Agricultural Research Centre – Sea Fisheries DepartmentOnly available in English.

A new hi-tech method for checking the mesh size of fishing nets

The bigger the holes in a fishing net, the more young fish will be able to escape, grow bigger and breed. So to protect young fish, managers set minimum mesh sizes for fishers’ nets.

Making sure that nets comply with government recommendations is the difficult job of fisheries inspectors. But it is not just fisheries inspectors who check mesh. Scientists also need to check the size of the mesh they use for surveys to make sure it is the standard size. Both scientists and fisheries inspectors use their own type of measuring gauge to check mesh size and both groups have been pushing for many years for a new gauge.

The wedge mesh gauge

The first known rules on minimum mesh sizes for fishing nets were set in 1291 by Philip IV (The Fair) of France . He stated that the mesh opening should not be smaller than the size of a “gros tournois d’argent”, a common coin of those days. Remarkably this simple principle of measurement is still applied in the flat wedge mesh gauge used today by fisheries inspectors. To measure the mesh opening, the wedge is pushed into a mesh until stopped by the resistance of the yarns.

The major drawback is that the measurement depends on the force applied and so is not free of human influence. This can have serious consequences: due to the lack of objectivity of the method, courts have declined to prosecute in several cases when the evidence was obtained with the wedge gauge.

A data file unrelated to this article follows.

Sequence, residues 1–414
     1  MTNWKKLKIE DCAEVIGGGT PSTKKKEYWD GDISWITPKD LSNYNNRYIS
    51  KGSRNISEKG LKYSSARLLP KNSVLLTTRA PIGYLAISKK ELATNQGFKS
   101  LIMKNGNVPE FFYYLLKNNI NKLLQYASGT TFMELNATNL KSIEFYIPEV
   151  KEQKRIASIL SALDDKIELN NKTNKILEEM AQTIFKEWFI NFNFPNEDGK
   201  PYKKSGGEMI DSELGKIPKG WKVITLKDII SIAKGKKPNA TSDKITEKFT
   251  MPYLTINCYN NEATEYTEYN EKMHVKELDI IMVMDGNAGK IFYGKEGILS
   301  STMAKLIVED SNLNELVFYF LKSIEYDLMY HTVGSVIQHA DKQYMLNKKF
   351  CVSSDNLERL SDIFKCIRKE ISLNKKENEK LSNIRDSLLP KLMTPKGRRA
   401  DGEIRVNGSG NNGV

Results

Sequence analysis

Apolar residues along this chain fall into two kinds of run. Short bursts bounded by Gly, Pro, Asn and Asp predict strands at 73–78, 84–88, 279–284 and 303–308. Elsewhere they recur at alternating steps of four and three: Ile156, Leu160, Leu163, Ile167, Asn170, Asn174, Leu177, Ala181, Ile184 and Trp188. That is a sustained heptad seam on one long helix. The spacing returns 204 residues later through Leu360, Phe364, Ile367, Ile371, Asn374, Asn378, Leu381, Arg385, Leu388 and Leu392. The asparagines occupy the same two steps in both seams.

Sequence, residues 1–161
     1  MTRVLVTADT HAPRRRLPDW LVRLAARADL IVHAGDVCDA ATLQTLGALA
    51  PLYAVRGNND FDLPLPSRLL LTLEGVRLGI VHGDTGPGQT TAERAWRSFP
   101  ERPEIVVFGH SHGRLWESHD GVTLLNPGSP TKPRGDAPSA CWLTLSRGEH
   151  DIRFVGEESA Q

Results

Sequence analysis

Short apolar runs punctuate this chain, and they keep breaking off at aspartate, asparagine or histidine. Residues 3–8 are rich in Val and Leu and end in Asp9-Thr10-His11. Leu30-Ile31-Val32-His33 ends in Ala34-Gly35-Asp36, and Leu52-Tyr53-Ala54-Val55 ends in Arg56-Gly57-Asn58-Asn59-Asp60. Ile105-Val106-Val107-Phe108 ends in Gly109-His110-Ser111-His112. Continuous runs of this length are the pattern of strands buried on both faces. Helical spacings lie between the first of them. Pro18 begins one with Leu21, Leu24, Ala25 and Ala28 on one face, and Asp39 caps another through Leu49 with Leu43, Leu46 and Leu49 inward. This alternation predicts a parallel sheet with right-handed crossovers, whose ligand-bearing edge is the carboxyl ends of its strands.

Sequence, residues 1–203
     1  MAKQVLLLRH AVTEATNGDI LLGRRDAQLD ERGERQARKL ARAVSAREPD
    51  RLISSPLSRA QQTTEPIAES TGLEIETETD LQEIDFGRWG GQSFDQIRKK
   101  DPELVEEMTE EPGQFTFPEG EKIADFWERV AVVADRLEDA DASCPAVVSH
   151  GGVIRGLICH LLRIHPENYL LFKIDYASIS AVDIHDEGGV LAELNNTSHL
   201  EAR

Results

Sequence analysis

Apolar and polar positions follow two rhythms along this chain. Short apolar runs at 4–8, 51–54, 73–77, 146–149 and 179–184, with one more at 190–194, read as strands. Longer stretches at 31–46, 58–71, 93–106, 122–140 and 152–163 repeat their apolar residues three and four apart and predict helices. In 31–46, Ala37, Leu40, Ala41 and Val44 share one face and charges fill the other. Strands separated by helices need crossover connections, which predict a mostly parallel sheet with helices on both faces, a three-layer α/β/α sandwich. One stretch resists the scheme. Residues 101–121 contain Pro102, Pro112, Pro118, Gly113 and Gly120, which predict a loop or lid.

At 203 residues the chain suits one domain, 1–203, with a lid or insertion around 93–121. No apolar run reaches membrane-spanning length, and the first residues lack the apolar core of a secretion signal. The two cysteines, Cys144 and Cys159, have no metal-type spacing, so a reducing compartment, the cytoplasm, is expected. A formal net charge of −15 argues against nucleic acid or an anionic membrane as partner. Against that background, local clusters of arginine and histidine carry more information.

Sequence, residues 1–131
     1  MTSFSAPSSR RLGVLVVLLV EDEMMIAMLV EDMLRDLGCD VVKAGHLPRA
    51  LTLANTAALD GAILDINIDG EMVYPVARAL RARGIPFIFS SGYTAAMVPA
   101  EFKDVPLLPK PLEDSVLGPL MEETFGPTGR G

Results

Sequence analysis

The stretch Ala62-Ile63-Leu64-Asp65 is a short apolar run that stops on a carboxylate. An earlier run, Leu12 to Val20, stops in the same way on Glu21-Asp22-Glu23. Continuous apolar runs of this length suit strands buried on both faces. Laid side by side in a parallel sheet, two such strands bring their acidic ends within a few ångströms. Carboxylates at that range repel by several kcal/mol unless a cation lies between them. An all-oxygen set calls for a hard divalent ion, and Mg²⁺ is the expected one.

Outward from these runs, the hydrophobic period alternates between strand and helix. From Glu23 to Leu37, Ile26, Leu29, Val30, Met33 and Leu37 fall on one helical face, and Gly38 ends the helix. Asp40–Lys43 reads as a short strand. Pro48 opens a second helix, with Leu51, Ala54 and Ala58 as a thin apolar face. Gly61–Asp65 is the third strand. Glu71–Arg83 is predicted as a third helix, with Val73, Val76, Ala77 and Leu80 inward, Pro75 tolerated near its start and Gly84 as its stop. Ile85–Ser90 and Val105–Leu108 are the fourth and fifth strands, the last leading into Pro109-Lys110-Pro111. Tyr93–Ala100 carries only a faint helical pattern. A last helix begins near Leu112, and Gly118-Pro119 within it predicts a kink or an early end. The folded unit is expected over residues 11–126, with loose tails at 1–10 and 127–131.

The ICES mesh gauge

Scientists use a different gauge. The ICES mesh gauge was first developed and manufactured under the guidance of the International Council for the Exploration of the Sea in 1962.

The old ICES mesh gauge

When used in fishing gear selectivity experiments the measurements from the ICES mesh gauge are the basis for scientific advice on minimum mesh sizes. The ICES gauge exerts a fixed longitudinal measuring force on the mesh. The recommended measuring force is 4 kgf

When the ICES gauge is correctly used, the measurements are free of human influence. But the major drawback is that the measuring force is controlled by the compression of a spring, the characteristics of which may change over time. This makes the instrument unsuitable for the enforcement of mesh regulations.

Developing a new gauge

Over the last decade the merits of these mesh measurement methods have been questioned frequently. Both the ICES mesh gauge and the wedge gauge are no longer regarded as suitable for mesh measurement on modern thick twine netting.

Both types of instrument have been used in parallel since the 1960s but give different results when used on the same netting.

The ICES gauge yields lower values of mesh opening than the wedge gauge. This has an adverse effect on the selectivity of commercial towed fishing gears as the mesh sizes in commercial use are, as a result, smaller than those recommended by the scientists.

This has led to a demand for standardisation of the mesh measurement technique by fisheries inspectors, scientists, and the industry (netting manufacturers and net makers as well as fishers).

The new “state-of-the-art” OMEGA mesh gauge

To deal with this problem, ICES set up a Study Group on Mesh Measurement Methodology (SGMESH) in 1999. The Study Group presented its final report in 2003 which included the recommendation that everyone should use the same system of mesh measurement: a longitudinal force of either 40 or 100 N – depending on whether the mesh opening is <55 mm or ≥55 mm.

Further recommendations concerned the number of meshes to be measured and the measurement procedure. Since the recommended forces could not be exerted by the ICES gauge, it was apparent that a new instrument was required.